“Tell me I can’t so I can show you that I can.”
That’s Armani Williams’ mantra. It has been his entire life.
The 18-year old racer from Grosse Point, Michigan, is one of the few openly autistic drivers in NASCAR. And despite various doctors telling him his goal of making it in the sport was too far fetched to become reality, he’s proving them wrong.
“When I was a little kid, I would always play with Hot Wheels,” Williams recalled. “Later, I discovered something called NASCAR. And that’s when I really started getting into it. I realized it was on TV, so every time it would come on, I would watch it for hours. It always fascinated me how fast those cars were going. How cool it was. Passing people, how the winner would get a trophy at the end.”
“That kind of caught my attention. From that point, I realized that’s something I was interested in and something that I wanted to do in life: be a professional race car driver.”
And he did everything in his power to do exactly that, starting with go-karts at the age of 8. After attending a two-month camp learning the intricacies of racing the karts and subsequently winning races, he then quickly moved up into bandoleros. In 2016, the ARCA Truck Pro Series came calling. After a full season there, he made the transition into the type of racing he’s always wanted to pursue: stock cars.
The 2017 season had five races in Canada in the NASCAR Pinty’s Series was in store for Williams, where he scored a best finish of 11th at Ontario’s Delaware Speedway. This season, he’s made the move to the NASCAR K&N Pro Series, one step closer to his ultimate goal of racing in the Monster Energy NASCAR Cup Series.
RACING-REFERENCE: Armani Williams Career Statistics
“It was such a big deal for me because it was important for me to get the experience and as much seat time as I can,” Williams said of racing in the K&N Pro Series. “Really around this business, it isn’t easy to put deals like that together. It was just important for me to go out there, learn as much as I can so that way next time I get one of these opportunities again, I can just improve on things I did last race. It was really an honor to be out there.”
Williams has two races under his belt this season, resulting in a 16th-place finish at Memphis International Raceway in the K&N East and 15th at Evergreen Speedway in the K&N Pro Series West.
“The competition out west is very competitive, especially with these guys that race week in and week out,” Williams said. “These are a lot of young drivers, like myself, that are trying to build up their resume and help continue to improve themselves and move up into the elite series. You see a lot of competitive drivers that work hard, and I respect that. You want to see some competition, that way it’s not easy. It kind of challenges you to race against competitive guys that are good and make you into a better race car drivers. I love that competition.”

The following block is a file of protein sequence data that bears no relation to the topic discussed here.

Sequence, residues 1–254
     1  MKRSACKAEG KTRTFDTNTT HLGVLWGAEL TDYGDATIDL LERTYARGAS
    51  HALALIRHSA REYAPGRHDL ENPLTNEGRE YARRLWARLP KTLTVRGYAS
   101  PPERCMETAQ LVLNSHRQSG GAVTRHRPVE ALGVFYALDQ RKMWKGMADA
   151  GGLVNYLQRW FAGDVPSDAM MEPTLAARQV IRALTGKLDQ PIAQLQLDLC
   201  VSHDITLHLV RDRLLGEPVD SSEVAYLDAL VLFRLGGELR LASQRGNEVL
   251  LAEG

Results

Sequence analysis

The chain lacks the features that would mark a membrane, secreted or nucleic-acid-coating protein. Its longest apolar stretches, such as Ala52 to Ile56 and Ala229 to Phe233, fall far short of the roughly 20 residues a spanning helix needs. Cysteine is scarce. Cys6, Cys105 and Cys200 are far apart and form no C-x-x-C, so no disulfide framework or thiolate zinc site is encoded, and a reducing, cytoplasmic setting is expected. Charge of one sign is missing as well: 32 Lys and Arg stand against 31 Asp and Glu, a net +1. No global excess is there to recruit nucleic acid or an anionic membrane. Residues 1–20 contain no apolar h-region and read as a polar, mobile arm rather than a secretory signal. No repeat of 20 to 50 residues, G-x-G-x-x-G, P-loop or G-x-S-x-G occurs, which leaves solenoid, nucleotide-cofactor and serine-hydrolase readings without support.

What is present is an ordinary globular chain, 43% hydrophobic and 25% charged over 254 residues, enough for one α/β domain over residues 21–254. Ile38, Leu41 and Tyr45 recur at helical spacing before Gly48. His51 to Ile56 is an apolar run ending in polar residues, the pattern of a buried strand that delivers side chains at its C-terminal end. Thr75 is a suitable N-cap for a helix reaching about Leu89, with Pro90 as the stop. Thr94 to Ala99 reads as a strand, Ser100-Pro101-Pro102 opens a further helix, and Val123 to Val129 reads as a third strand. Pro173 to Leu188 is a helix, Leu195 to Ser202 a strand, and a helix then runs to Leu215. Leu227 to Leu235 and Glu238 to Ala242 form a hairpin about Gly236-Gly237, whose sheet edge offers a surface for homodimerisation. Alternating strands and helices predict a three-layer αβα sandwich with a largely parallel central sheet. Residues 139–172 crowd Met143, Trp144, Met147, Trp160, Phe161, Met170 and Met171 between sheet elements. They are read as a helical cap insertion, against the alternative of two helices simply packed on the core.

Williams spoke highly of two specific people that have helped him achieve what he has thus far in his short NASCAR career. They’ve supported him endlessly, but in different ways.
“My dad was really the one who supported my racing efforts right away,” Williams said of his first time racing in Jackson, Michigan. “As soon as I told him I wanted to be a NASCAR driver, he stuck with the plan and helped me whenever he could. My dad has done such an excellent job and has been a big supporter as well as my family motivating me. Without him, I wouldn’t have gotten to this point. It’s really important you have someone to kind of build you up and support you. I can’t thank him for that enough.”
On the track, he grew close to D.J. Kennington, the 2010 Pinty’s Series champion. Running only five races last season, Williams was able to gather a wealth of information from the St. Thomas, Ontario, native that he’s take into the cockpit with him ever since.
“He’s just a great guy to guide you through things,” Williams said of Kennington. “Learn more about the cars, learn about the racing, what stuff you do and don’t have to do. It’s nice to lean on a guy who’s been around the sport, who’s a champion and has participated in the Cup Series. He knows his way around.”
Williams is looking at opportunities to run the next K&N Pro Series event at Gateway Motorsports Park, the second of two combination events between the K&N East and K&N West, as well bigger one-mile tracks like New Hampshire Motor Speedway and Dover International Speedway on the East side.
But regardless of how many races he runs and where he finishes, Armani Williams is doing something every single day that many people can’t say.
He’s living his childhood dream and having fun doing it.
“Some people can tell you you can’t, some people can believe in you and tell you you can,” Williams said. “For me, I know what my abilities are. I know I can drive a race car and I’m just trying to show people that I can do the things I wanted to do in life and achieve my dreams. I want to help people that have a disability, whether it be autism or any other disability. To show them that you can achieve your dreams if you just put in hard work, be committed and just show the determination that you can be successful in life. You can do the things you want to do. I’ve always believed that and it’s always motivated me whenever I go out on the race track and do what I do.”
“For me, it’s really been a long journey,” Williams said. “It’s something that I want to continue throughout my career and keep moving forward.”